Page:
Revealing talks with Sven Goran Eriksson and Lothar Mattheaus are complemented by a stunning evaluation of some of English football's giants. It is here, in part two, where Kuper's narrative becomes reminiscent of his earlier works- the writer draws logical and intelligent conclusions based on his knowledge of the social and economic background of  players, as well as their actions in later life.

A very funny writer, Kuper's natural humor becomes more obvious in this book than perhaps it could in his more complicated theses- something which adds an extra dimension to the writer's already very accomplished style. Thankfully, Kuper doesn't fall into a trap frequented by too many profilers scattered around numerous fields- despite his obvious occupation with the life of the footballer, Kuper manages to deliver intelligent, unbiased opinions on the subjects of his writing, castigating Ashley Cole for instance, while at the same time eulogizing the many virtues of Arsene Wenger (okay, I did say unbiased but we all know Kuper is a sucker for stat lovers...).

Where the book moves into the realm of uniqueness previously explored in Kuper's past works, is in its descriptions of 'the other football men.' A film director, a statistics expert, an architect, a professor and Franz Beckenbauer- the five men detailed by the book's fascinating third part. Unlike coaches, players or even referees, these 'football men' are of a much less fashionable variety, and good, well researched reporting on them can be difficult to find. Certainly, no one could accuse the book of being poorly researched, and Kuper is probably the perfect man to go out and discover football's less illustrious characters. Before reading, I had heard of none of the men listed apart from Der Kaiser, yet afterwards I felt like I knew them all quite well.

For a fan just getting into the game, or for ones who wish that a fifty year addiction was possible to break, this book can contain appeal. An introduction for some, a rehash for others, there is no question that The Football Men is worth a look.

Buy The Football Men on Amazon

Links Of The Day: July 19th 2011

The Chairman talks Dannys at EPL Talk

Will Tidey on the WWC

Match fixing in South Korea

The Swiss Ramble on Manchester City's New Stadium Deal

Red Flag Flying High on the legend that is Bryan Robson

Rory Smith on a striker swap happening in Manchester

Comment with any links you deem worthy for inclusion.

INFTH Top 100: Numbers 17 and 18

18. Nani- Nani stated sometime at the beginning of last season, that his goal for the new year was to be included in the shortlist for European footballer of the year. Well, after starring for both United and Portugal, reaching a Champions League final and stamping his name all over the Premiership, his chances of achieving that goal have improved immeasurably.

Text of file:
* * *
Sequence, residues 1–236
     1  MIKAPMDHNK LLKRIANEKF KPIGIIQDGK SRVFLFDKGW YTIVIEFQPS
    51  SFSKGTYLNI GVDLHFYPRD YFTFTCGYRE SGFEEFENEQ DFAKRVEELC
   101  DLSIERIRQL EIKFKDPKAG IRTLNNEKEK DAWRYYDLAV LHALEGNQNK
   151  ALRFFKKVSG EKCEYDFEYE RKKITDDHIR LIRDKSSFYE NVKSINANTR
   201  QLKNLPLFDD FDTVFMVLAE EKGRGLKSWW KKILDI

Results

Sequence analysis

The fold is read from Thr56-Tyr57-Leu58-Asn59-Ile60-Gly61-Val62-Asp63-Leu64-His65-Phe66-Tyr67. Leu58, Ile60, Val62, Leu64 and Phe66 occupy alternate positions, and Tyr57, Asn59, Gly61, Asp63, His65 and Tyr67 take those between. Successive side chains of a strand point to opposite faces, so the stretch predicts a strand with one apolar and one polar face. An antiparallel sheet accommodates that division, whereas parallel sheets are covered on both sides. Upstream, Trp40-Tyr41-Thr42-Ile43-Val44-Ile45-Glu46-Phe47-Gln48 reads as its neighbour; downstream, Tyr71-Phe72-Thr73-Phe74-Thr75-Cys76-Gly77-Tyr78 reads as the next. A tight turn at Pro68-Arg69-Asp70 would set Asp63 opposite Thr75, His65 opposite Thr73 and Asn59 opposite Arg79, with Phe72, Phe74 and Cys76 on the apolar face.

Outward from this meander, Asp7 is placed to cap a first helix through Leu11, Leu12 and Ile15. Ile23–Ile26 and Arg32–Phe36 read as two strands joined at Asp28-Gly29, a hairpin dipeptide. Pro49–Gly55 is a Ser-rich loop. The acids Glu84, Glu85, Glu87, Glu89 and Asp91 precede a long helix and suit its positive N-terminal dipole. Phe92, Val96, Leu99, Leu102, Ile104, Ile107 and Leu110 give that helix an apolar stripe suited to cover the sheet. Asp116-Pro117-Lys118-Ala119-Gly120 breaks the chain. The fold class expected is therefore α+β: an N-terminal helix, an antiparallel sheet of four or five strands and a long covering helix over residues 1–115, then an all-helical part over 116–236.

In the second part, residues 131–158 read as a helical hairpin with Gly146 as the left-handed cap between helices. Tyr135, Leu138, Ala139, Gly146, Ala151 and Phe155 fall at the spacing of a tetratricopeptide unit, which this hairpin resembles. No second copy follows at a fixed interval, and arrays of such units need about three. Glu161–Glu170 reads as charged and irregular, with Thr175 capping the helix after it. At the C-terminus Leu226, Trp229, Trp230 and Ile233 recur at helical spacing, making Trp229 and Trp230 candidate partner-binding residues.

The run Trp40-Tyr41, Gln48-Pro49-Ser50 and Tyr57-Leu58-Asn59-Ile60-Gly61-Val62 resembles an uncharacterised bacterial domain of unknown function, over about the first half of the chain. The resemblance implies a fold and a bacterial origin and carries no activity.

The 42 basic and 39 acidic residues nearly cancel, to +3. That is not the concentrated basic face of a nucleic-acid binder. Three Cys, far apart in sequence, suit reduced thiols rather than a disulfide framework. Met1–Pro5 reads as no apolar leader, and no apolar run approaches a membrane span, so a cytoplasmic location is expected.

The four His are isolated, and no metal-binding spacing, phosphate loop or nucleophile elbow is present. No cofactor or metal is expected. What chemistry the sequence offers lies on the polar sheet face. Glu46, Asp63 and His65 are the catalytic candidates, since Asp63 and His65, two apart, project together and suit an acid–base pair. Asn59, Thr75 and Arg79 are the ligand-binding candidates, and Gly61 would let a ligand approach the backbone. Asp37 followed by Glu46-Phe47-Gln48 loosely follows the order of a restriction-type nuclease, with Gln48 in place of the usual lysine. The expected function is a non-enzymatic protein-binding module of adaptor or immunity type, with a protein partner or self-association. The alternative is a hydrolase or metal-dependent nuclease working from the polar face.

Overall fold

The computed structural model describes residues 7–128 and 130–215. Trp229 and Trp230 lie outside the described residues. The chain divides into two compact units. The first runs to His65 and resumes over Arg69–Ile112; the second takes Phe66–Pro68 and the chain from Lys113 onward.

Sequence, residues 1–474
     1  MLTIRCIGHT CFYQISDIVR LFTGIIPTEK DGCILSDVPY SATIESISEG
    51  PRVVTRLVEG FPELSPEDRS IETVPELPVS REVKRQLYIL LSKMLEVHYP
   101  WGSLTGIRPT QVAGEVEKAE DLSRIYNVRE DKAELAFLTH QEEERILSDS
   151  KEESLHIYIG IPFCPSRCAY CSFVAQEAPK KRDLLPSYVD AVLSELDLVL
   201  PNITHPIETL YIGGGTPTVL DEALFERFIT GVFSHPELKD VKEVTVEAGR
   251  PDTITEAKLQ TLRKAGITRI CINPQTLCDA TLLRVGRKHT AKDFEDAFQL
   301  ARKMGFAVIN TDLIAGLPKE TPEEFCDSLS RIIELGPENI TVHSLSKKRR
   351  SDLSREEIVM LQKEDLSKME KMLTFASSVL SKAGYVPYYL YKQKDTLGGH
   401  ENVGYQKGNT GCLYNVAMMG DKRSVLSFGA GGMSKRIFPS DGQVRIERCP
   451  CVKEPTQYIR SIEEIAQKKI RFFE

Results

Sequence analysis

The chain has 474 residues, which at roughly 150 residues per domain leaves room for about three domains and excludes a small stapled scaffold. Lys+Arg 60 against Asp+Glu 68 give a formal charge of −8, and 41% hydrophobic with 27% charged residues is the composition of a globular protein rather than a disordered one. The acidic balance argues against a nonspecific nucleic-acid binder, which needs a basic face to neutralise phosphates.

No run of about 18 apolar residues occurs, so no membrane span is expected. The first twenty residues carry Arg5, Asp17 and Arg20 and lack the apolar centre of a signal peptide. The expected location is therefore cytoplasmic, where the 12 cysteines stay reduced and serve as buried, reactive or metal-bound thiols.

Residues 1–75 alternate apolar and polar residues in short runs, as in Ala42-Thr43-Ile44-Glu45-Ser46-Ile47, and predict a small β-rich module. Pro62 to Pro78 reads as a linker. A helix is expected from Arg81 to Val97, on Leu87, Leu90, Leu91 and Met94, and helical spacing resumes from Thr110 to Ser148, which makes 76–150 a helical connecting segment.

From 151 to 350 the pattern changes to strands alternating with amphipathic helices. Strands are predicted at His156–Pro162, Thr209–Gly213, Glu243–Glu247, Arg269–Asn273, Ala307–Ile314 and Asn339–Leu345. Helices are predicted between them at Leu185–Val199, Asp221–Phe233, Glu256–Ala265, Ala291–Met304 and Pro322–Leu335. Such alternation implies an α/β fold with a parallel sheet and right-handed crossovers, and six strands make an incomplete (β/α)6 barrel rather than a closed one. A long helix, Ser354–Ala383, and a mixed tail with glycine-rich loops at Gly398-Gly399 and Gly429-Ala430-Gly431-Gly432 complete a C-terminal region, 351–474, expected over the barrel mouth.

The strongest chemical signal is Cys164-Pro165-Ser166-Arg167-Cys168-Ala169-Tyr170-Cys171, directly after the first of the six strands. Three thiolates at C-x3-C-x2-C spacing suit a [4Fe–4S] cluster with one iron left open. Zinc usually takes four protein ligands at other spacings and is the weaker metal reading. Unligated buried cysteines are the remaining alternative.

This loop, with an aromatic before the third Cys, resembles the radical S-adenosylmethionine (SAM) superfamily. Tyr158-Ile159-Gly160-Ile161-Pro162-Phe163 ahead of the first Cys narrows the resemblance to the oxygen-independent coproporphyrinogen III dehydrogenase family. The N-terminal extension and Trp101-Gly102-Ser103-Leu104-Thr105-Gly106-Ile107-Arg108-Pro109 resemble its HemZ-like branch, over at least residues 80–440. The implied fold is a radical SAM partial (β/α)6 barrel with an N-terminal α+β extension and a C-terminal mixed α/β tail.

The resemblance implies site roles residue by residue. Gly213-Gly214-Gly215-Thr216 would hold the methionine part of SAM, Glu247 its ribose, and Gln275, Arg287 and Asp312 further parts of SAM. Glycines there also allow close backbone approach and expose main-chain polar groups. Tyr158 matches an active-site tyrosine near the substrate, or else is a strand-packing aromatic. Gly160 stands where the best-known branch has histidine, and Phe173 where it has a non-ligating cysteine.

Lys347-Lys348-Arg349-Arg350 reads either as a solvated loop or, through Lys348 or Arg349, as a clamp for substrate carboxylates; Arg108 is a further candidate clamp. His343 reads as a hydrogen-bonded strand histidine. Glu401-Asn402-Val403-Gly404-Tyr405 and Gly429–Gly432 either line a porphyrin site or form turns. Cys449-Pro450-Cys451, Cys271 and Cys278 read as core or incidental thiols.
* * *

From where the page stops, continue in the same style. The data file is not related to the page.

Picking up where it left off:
After improving towards the end of 09/10, much was expected of Nani in 2011, and the Portuguese international was desperate to perform after having his World Cup dreams dashed by injury.

Scoring a healthy total of nine goals in the league, Nani was one of United's best performers throughout their successful campaign, winning the Manchester United's Players' Player of the Year award at the end of it.

Honestly, the only surprise about Nani's trophy haul at the end of the season was that it did not include a PFA Player of the Year gong- ridiculously, he wasn't even nominated for the award.

Internationally, Nani has begun to shine brightly over the past few years, and 2011 was no different, with the winger outperforming the more illustrious Cristiano Ronaldo. As of yet, Nani has not played in a World Cup, but hopefully, we can look forward to seeing him on show in 2014.

17. Dani Alves- Dani Alves is the best right back in the World. A classic rampaging full back, Alves is capable of producing at both ends of the pitch, and has been a vital part of Barcelona's rise over the last three seasons.

Not many players ever win the European Cup, but Alves is one of the few who can say he has- twice. As part of probably the best back four in Europe, Alves and Barcelona once again swept aside all competition last season, cruising through to Champions League glory.

With Alves bombing forward to support a magnificent front three, Barcelona managed to consistently perform despite Mourinho's introduction into the equation at Madrid. This Barcelona stops for no one, not even the Special One.

A fantastic free taker, Alves embodies everything good about Brazilian footballers. He has skill, speed and flair, while also possessing the toughness and defensive nous necessary to make it as a top defender in Europe. As mentioned before, Alves has won the cup with the big ears twice; only a fool would bet against him adding to that total.

Monday, July 18, 2011

Tevez Saga Must Be Ended Promptly

"If it were done when 'tis done, then 'twere well it were done quickly." Football clubs don't have an awful lot to learn from Lady Macbeth, but her commentary on haste is one sentiment that they would do well to take note of.

Speed has forever been, and will continue to be, a crucial part of football. However, despite the presence of flying wingers and lightning quick strikers in the game, speed in the transfer market seems to be a commodity more precious than that possessed by men like Walcott and Ronaldo.